Uncovering wind power forecasting uncertainty sources and their propagation through the whole modelling chain

Jie Yan, Corinna Möhrlen, Tuhfe Göçmen, Mark Kelly, Arne Wessel, Gregor Giebel*

*Corresponding author for this work

Research output: Contribution to journalJournal articleResearchpeer-review

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Abstract

Wind power forecasting has supported operational decision-making for power system and electricity markets for 30 years. Efforts of improving the accuracy and/or certainty of deterministic or probabilistic wind power forecasts are continuously exerted by academics and industries. Forecast errors and associated uncertainties propagating through the whole forecasting chain, from weather provider to end user, cannot be eliminated completely. Therefore, understanding the uncertainty sources and how these uncertainties propagate throughout the modelling chain is significant to implement more rational and targeted uncertainty mitigation strategies and standardise the forecast and uncertainty validation. This paper presents a qualitative review on wind power forecasting uncertainty. First, the definition of uncertainty sources throughout the forecast modelling chain acts as a guiding line for checking and evaluating the uncertainty of a wind power forecast system/model. For each of the types of uncertainty sources, uncertainty mitigation strategies are provided, starting from the planning phase of wind farms, the establishment of a forecasting system through the operational phase and market phase. Our review finalises with a discussion on uncertainty validation with an example on ramp forecast validation. Highlights are a qualitative review and discussion including: (1) forecasting uncertainty exists and propagates everywhere throughout the entire modelling chain, from the planning phase to the market phase; (2) the mitigation efforts should be exerted in every modelling step; (3) standardised uncertainty validation practice, including why global data samples are required for forecasters to improve model performance and for forecast users to select and evaluate forecast model outputs.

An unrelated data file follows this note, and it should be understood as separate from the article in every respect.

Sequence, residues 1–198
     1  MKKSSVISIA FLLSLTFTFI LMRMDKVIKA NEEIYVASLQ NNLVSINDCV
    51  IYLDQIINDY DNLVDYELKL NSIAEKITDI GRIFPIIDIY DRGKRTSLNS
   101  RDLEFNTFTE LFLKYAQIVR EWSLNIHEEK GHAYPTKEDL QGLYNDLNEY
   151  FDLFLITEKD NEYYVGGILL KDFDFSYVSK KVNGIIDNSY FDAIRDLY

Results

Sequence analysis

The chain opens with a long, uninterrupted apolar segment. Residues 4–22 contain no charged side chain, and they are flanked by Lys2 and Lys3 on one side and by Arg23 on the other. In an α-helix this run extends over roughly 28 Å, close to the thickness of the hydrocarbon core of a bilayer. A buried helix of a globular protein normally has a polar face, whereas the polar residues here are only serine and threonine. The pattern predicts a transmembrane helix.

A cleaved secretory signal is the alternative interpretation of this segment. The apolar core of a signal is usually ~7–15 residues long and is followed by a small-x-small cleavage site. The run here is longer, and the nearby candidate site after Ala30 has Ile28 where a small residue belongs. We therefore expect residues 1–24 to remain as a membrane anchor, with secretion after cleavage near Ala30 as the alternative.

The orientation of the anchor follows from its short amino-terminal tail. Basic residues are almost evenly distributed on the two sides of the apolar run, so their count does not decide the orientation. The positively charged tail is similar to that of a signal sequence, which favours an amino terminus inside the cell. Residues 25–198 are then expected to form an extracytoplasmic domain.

Original languageEnglish
Article number112519
JournalRenewable and Sustainable Energy Reviews
Volume165
Number of pages31
ISSN1364-0321
DOIs
Publication statusPublished - 2022

Keywords

  • Wind power
  • Forecast uncertainty
  • Modelling chain

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